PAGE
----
- Some people don’t like the aesthetic look of ducted units and prefer installing reverse cycle air conditioning vents. A split system also requires you to have an outdoor unit which, if you have a small backyard, may take up some vital space.
- They must be installed by a professional to ensure the unit performs as expected.
What is Ducted Reverse Cycle Air Conditioning?
Instead of using multiple indoor units around the house, ducted reverse cycle air conditioning distributes heat throughout the home via ducts and vents.
The great thing about reverse cycle ducted air conditioning is the ducts are usually tucked out of sight. Many people like the idea of using a split system but prefer the aesthetic appeal of a ducted reverse cycle system.
Just one ducted reverse cycle compressor unit can heat (or cool) an entire home. Several ducts are hidden throughout the house, and this system can distribute air through a 2 or 3 storey home very effectively.
Ducted reverse cycle systems are the better option for larger homes overall. A split system would require multiple wall units, all needing to be installed and maintained regularly.
Similar to split system units, ducted air conditioning can be set up to service multiple zones separately. You can choose what rooms are heated and when.
How Much Does it Cost to Run a Ducted Reverse Cycle Air Conditioner?
It’s not surprising that ducted air conditioning has a higher upfront cost than a split system. The indoor and outdoor units are bigger, and the installation process is more involved.
With that said, 2-3 split system units can cost roughly the same amount as one ducted air system. As all units require maintenance from time to time, it may work out cheaper in the long run. Running the ducted unit can be cheaper day to day, especially if you choose a 7-star model.
The Pros and Cons of Ducted Reverse Cycle Air Conditioners?
- They’re permanent and effective. Ducted air conditioning is the most heavy-duty of the air conditioning systems.
- They’re even quieter than split system units. When a split system unit starts rattling, it’s a sign something’s going wrong. Ducted systems need less maintenance than a split system overall.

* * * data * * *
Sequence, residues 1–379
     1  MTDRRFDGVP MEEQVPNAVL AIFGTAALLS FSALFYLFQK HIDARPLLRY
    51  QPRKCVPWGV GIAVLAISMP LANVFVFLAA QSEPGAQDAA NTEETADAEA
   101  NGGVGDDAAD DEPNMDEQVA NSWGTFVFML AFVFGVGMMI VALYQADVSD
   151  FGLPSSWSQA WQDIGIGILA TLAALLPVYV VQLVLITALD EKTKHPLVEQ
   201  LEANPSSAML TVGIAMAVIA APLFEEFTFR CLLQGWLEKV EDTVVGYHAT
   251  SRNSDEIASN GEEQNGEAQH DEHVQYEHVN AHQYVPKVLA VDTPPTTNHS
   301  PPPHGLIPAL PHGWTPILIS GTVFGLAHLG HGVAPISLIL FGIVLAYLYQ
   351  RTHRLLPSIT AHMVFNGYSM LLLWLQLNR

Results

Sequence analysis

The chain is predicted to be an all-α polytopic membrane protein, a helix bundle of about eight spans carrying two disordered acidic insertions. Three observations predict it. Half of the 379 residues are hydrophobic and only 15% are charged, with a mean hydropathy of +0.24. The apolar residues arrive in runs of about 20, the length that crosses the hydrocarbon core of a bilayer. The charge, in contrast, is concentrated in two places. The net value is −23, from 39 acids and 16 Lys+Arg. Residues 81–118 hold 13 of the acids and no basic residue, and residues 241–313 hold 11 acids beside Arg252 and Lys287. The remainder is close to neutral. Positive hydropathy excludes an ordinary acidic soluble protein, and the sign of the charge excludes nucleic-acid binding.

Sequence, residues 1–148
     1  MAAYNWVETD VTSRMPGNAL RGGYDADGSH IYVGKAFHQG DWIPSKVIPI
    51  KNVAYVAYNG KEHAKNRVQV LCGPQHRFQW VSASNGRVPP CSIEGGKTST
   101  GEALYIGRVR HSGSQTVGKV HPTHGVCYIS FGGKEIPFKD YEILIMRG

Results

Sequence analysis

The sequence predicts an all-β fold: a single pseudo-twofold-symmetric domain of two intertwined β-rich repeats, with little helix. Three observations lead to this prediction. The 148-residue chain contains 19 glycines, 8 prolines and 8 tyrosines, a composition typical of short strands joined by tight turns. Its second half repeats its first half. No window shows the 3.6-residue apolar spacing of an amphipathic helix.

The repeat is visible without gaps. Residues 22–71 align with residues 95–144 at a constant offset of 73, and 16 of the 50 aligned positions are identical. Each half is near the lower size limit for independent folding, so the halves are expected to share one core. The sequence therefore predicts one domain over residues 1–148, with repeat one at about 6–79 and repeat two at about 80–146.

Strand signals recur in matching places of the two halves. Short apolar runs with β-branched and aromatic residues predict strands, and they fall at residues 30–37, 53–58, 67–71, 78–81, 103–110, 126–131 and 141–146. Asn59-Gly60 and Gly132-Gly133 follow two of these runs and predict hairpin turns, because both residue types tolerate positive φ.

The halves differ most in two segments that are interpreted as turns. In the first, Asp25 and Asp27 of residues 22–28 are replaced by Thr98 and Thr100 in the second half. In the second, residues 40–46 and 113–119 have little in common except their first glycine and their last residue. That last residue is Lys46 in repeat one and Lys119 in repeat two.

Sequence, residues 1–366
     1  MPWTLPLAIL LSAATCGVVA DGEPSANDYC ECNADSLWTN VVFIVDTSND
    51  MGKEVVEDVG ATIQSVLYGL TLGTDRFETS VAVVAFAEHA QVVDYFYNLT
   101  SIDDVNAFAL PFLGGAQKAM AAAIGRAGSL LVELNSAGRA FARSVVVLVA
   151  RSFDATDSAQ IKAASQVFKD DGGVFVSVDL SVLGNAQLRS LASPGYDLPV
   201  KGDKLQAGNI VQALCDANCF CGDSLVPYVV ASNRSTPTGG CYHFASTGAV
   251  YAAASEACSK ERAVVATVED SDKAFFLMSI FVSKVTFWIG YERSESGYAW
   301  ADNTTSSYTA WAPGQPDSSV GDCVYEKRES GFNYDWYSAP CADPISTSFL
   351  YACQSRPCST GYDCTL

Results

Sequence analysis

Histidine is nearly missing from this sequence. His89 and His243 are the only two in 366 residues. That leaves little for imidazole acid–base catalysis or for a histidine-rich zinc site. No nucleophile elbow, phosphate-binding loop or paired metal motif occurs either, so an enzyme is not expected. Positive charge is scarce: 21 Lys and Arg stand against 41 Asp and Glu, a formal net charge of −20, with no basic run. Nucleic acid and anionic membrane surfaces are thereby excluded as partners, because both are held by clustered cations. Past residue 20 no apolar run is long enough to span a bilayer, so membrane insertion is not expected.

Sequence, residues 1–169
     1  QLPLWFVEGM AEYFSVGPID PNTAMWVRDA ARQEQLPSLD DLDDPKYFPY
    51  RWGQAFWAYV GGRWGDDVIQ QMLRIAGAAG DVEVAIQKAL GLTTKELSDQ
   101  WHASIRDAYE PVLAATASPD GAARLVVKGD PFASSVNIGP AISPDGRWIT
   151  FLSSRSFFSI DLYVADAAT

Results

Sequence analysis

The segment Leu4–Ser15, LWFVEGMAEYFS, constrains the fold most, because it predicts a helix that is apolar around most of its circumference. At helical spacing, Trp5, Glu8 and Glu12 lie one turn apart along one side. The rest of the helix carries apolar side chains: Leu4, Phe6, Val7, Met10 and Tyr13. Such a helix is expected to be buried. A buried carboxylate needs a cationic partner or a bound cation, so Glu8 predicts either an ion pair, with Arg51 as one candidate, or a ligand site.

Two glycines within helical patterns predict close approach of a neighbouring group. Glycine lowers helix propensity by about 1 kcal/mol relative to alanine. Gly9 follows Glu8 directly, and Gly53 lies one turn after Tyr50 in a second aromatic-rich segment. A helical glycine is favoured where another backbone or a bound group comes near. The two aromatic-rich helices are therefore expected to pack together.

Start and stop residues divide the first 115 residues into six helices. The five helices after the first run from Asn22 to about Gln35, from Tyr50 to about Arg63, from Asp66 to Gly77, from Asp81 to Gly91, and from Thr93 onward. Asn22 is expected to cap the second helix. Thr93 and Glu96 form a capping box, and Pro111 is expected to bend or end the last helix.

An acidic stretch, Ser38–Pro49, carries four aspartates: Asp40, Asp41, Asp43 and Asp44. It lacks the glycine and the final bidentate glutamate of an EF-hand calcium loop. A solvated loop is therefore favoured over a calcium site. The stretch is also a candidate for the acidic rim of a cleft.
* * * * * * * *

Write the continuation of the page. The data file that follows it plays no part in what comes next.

- They’re discreet. Unlike a split system, a ducted system only requires a vent in each room.
- They add value to your property. As an expensive and permanent feature, ducted air systems are coveted across Australia. If you choose to sell your home, ducted air will certainly be a selling point!
- They can be more economical to run than split systems. Also, depending on the size of your house, it could be cheaper to install one system over many. With a new home being built, or an old one being renovated, a ducted air system is also easier to install.
- They’re eco-friendly. In comparison to ducted gas heaters, ducted air systems produce two-thirds less greenhouse gas emissions.
- Reverse cycle ducted air conditioning systems are more expensive upfront than a split system unit.
- If you don’t have a zoning function, you’ll be heating the whole house, which can be costly. If you only need to heat a few rooms, a split system would be a better option.
- You’ll need adequate roof space. Some systems can be large and require a certain amount of space for installation.
Is Ducted Reverse Cycle or a Split System Best for Me?
Both ducted and split systems have their pros and cons. One thing is clear, however – both are cheaper, more efficient and more eco-friendly than gas options.
When it comes to installing your air conditioning and heating units, “Ducted vs Split”, it comes down to a few factors such as:
- How much you can afford to spend upfront
- How big your home or building is
- How many rooms you need to heat?
If you want to find out more about heating your home, we can help you.
Perth City Air is one of Perth’s leading air conditioning and heating experts and can recommend the most efficient, reliable, and affordable air conditioning unit for your premises.
For a no-obligation free quote, contact us today.